Independent contractor or employee?
Incorrectly engaging a worker as an independent contractor can have serious implications for business owners. It is imperative to understand the distinction between an independent contractor and an employee, for the sake of the business owner and worker alike.
Contractor versus employee
While there is no single factor that comprehensively differentiates an employee from an independent contractor, the nature of the relationship is looked at more holistically to determine whether an employment or contractors’ relationship exists.
Some of these key factors are listed below.
Arguably the most defining feature of a genuine contractors’ relationship is the level of control afforded to the worker.
In an employment relationship, the employer is generally in charge of organising workers’ schedules, whereas an independent contractor has the necessary experience, expertise, and autonomy to be able to work in a fashion that suits them.
This may include having the ability to subcontract or engage their own employees to perform work for them.
Ultimately, an independent contractor should have the flexibility to work when and how they choose, acknowledging that the owner will still have some bearing over this (eg, business trading hours etc).
Method of payment
Employees are usually payed a fixed rate such as a salary, or hourly/weekly rate.
Independent contractors generally submit invoices for specific work performed or projects.
To facilitate this, the independent contractor operates using their own ABN or ACN. However, simply having an ABN or ACN does not automatically mean the worker being engaged is an independent contractor.
Use of equipment
A worker using their own equipment/tools/machinery to perform certain tasks is indicative of an independent contractor.
This is not to say, however, that a worker who does not provide or use their own equipment is therefore an employee, as certain industries and professions require the use of large or expensive equipment which is often provided by the proprietor for reasons of practicality.
All forms of leave, either paid or unpaid, are entitlements generally only afforded to employees.
A genuine independent contractor should not be locked into such an arrangement whereby they have to request leave to take time off.
Again, they should have the flexibility to decide when they are available or not available to perform work.
Determining whether a worker is truly an employee or independent contractor will come down to whether the factors, such as those mentioned above, indicate more strongly that an employment or contracting relationship exists.
Who is suited to work as an independent contractor?
Provided the nature of the relationship is consistent with a contracting arrangement, any individual may choose to work as an independent contractor.
The exception to this rule is new graduates. If you are considering engaging a new graduate, or you are a recent graduate beginning your career, you should be engaged as an employee and not as an independent contractor.
At the beginning stages of a career as a health professional, a worker’s focus should be on developing their clinical experience and refining their expertise.
With minimal experience, a new graduate will benefit from tailored guidance and training—which, if engaged as an independent contractor, will be their responsibility to bear.
This is not conducive to development as a health professional and is unlikely to yield positive results for the business.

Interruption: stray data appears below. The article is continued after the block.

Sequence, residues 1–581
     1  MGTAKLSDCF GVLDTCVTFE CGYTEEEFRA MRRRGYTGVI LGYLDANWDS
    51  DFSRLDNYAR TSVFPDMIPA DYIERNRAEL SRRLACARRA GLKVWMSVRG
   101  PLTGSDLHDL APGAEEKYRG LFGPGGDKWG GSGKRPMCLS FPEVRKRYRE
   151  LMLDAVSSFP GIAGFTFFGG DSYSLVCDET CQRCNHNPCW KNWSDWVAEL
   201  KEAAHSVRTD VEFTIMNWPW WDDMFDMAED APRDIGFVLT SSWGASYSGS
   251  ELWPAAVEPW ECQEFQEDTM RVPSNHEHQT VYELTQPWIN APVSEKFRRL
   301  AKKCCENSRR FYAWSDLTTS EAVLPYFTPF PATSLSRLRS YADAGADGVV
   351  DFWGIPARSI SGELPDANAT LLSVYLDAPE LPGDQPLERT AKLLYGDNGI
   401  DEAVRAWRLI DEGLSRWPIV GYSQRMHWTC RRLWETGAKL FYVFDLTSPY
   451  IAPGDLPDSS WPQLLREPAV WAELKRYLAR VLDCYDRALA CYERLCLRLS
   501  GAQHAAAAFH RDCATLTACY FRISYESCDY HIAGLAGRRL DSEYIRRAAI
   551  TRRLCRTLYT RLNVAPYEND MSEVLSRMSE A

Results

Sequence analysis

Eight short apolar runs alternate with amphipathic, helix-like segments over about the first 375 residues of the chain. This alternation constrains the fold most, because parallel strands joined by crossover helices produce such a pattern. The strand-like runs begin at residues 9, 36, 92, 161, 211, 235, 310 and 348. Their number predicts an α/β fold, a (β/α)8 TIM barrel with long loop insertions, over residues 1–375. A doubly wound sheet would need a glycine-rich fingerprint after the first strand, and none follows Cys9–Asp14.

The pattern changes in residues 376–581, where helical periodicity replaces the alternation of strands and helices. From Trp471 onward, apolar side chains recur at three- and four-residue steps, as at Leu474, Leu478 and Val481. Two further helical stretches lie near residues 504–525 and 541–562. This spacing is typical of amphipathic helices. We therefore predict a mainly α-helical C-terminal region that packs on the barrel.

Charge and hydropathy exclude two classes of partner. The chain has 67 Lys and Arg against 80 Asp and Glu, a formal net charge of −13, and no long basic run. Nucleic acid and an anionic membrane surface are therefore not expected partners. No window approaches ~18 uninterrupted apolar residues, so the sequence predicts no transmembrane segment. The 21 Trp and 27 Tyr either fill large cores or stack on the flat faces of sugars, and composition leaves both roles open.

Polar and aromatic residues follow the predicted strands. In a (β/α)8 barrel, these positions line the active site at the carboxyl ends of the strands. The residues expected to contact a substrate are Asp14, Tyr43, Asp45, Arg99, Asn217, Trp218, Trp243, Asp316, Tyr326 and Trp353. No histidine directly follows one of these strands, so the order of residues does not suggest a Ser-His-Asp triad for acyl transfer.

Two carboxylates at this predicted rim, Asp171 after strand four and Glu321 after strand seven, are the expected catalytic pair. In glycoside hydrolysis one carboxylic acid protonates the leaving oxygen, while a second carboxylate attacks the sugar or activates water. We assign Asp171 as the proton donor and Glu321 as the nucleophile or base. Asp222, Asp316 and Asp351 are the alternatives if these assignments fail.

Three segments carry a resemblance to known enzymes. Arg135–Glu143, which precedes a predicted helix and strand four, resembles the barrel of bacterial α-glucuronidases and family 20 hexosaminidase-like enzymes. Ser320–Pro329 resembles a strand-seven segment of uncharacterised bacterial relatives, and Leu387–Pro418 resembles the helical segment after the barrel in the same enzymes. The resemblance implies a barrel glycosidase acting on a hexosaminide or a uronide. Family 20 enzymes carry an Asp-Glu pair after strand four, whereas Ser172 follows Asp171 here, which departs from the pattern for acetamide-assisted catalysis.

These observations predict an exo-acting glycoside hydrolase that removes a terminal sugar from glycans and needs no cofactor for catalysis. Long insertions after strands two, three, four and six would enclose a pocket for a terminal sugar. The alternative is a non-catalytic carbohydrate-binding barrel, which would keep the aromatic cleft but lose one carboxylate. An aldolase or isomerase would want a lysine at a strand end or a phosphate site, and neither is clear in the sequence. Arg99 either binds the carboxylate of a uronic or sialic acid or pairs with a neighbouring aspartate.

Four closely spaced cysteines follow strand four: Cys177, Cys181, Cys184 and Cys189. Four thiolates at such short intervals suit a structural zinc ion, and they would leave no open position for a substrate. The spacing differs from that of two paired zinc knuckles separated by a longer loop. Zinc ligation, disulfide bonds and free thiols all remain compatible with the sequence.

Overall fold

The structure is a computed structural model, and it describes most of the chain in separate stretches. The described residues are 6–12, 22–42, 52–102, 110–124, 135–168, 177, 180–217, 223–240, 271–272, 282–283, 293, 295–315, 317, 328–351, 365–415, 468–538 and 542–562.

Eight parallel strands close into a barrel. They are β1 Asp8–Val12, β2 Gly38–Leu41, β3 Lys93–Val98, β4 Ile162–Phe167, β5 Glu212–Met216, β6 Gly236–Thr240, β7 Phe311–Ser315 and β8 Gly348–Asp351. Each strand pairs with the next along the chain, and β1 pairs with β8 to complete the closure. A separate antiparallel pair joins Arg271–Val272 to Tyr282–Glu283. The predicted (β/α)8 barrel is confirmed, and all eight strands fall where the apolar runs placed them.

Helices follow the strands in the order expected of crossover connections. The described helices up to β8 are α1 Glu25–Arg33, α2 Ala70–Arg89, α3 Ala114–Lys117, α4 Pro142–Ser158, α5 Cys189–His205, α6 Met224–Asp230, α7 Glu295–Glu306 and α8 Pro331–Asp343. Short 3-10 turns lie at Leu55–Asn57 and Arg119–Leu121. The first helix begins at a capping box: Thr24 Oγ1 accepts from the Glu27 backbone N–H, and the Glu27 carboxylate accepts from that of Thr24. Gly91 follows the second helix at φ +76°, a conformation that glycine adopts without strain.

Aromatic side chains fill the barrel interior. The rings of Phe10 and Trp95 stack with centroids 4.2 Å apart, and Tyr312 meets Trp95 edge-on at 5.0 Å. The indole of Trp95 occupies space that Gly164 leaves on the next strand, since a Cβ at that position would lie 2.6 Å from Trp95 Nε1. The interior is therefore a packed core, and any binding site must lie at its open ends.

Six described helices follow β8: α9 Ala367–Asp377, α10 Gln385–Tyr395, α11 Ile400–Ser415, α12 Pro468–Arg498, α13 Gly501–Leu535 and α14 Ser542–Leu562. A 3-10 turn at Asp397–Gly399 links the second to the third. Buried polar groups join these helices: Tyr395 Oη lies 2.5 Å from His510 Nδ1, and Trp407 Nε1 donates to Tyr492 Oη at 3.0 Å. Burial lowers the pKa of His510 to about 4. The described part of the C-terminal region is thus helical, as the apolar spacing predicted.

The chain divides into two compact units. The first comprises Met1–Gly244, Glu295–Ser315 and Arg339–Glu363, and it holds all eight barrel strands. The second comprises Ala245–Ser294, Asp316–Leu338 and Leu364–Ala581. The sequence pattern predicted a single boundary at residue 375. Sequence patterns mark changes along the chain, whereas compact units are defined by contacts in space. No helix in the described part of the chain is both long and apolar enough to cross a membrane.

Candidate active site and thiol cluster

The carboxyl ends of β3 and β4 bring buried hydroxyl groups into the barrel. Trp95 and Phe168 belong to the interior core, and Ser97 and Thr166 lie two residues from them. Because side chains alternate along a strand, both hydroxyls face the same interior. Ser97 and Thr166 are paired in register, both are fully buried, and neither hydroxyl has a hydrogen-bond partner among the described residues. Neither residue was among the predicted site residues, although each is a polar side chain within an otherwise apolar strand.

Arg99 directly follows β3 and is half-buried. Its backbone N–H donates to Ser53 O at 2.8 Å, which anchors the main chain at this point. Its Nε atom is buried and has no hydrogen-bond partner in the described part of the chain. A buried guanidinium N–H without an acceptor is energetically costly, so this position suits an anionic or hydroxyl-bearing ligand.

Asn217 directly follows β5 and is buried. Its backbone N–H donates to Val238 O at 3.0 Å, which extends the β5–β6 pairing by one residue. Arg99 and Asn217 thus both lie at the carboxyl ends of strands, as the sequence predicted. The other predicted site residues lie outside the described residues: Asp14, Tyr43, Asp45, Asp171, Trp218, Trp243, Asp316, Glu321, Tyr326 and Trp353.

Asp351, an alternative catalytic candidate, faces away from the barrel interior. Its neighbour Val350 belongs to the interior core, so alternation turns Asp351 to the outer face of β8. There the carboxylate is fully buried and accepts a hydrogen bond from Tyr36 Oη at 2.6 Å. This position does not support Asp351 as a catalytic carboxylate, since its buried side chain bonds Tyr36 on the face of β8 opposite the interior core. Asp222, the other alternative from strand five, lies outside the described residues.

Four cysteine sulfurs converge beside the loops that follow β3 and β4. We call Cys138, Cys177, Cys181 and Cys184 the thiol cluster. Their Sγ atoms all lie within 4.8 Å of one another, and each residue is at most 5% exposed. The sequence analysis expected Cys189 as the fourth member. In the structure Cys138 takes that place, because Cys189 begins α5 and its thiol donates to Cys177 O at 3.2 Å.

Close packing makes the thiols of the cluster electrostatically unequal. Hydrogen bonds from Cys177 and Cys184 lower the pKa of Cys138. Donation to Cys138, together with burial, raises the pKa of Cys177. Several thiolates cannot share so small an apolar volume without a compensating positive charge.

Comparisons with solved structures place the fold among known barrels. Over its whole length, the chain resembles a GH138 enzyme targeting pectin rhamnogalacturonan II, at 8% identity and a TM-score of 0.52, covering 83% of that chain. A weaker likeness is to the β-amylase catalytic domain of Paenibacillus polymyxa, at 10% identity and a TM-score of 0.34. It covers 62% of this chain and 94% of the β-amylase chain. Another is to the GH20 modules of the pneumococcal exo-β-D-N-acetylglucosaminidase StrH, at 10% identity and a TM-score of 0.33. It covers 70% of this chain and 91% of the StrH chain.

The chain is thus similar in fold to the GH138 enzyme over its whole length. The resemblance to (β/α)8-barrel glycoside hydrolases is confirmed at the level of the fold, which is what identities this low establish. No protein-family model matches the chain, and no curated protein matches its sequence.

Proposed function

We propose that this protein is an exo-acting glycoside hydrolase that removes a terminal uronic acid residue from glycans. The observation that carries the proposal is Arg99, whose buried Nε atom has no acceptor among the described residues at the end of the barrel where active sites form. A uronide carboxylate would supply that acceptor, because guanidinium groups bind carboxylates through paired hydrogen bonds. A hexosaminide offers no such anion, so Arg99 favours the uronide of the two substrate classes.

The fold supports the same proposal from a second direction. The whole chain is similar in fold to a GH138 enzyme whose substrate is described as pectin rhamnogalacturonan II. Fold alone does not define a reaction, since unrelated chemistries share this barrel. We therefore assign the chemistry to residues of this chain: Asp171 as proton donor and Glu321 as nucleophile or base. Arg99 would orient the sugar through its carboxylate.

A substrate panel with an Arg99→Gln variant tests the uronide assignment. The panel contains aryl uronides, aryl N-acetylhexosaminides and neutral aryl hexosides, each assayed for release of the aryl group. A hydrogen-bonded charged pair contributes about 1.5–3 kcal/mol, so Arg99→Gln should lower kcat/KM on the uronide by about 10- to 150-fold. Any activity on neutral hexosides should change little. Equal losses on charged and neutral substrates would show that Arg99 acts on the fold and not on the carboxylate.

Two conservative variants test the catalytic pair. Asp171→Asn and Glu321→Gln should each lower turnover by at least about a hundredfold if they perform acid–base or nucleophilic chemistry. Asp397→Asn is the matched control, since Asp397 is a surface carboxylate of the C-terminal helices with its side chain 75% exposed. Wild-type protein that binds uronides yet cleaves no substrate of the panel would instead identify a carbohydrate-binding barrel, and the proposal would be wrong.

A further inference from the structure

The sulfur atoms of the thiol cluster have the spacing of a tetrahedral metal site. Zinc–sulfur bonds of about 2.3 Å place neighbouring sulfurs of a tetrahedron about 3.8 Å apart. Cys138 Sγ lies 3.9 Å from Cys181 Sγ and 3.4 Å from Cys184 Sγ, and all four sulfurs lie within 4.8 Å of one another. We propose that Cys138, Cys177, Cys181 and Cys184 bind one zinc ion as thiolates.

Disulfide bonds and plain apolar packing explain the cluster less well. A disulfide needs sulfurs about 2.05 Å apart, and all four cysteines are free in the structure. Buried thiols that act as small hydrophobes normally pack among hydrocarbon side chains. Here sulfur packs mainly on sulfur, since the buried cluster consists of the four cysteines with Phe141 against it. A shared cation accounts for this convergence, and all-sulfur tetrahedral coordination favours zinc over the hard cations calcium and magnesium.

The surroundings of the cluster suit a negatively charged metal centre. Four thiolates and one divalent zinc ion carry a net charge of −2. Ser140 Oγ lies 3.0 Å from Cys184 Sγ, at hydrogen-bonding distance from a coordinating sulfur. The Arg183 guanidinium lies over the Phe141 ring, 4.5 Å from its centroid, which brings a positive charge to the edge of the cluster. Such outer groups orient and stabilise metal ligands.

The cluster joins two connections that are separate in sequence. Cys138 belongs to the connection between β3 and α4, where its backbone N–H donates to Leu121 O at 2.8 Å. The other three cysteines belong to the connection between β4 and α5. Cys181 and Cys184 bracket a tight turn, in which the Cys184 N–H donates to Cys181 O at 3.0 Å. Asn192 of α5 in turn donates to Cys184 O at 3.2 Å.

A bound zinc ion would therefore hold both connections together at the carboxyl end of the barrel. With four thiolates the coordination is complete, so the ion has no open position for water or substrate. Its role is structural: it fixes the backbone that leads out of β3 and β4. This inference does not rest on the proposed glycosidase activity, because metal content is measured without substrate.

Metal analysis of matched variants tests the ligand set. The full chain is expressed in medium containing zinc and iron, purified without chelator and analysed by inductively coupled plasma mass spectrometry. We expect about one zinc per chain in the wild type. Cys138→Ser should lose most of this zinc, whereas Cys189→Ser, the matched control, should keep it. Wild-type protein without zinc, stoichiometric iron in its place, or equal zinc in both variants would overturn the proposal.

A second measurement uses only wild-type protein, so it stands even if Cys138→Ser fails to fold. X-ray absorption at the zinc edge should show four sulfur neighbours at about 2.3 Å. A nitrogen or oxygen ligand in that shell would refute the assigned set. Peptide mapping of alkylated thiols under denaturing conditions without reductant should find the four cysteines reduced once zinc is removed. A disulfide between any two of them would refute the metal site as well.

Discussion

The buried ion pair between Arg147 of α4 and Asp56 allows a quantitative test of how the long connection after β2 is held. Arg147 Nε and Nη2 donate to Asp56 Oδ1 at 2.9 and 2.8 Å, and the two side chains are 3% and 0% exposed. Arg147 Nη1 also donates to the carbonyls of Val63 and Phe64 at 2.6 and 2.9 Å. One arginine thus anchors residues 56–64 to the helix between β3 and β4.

In that same vein, preoccupation with running one’s own business—which is essentially the case for an independent contractor—is not ideal during the beginning stages of one’s career.
Not only does it take the focus off developing clinical skills, it increases the possibility for exploitation as focus must also be centred on understanding financial and legal obligations with somebody who is likely to have more business acumen simply by way of experience.
After some time working as a clinician, it may be a more realistic prospect to engage an individual as an independent contractor. However, at the outset, employment is the appropriate choice.
What are the ramifications of getting it wrong?
The Fair Work Act 2009 provides that it is prohibited to incorrectly classify an employee as an independent contractor, deeming this to be ‘sham contracting’.
This protection includes dismissing an employee for the purposes of re-engaging them as a contractor, and making false or misleading statements to an employee to persuade them to enter a contract for services when the role will remain similar or the same to that of an employee.
Businesses who are found to have intentionally established a sham contracting arrangement can face penalties of up to $66,000 per contravention.
At the same time, if a contractor is found to be an employee, the business may be liable to back-pay leave and other employee entitlements.
From an Australian Tax Office (ATO) perspective, penalties can include a PAYG withholding penalty, and super guarantee charges.
Getting it right
It is never too late to check your arrangements with workers to ensure they are legally compliant and valid.
The HR in Practice service has resources and checklists available to assist with correctly classifying your worker.
Also, the ATO has developed a useful tool (found on their website) to help determine whether your worker is a contractor or an employee.
For further information, it is strongly recommended to seek further professional advice. This should include:
- guidance from an accountant regarding your tax and super obligations
- information from your insurer regarding your workers compensation obligations
- advice from a solicitor who is familiar with employment law regarding the contractual arrangements with your workers.
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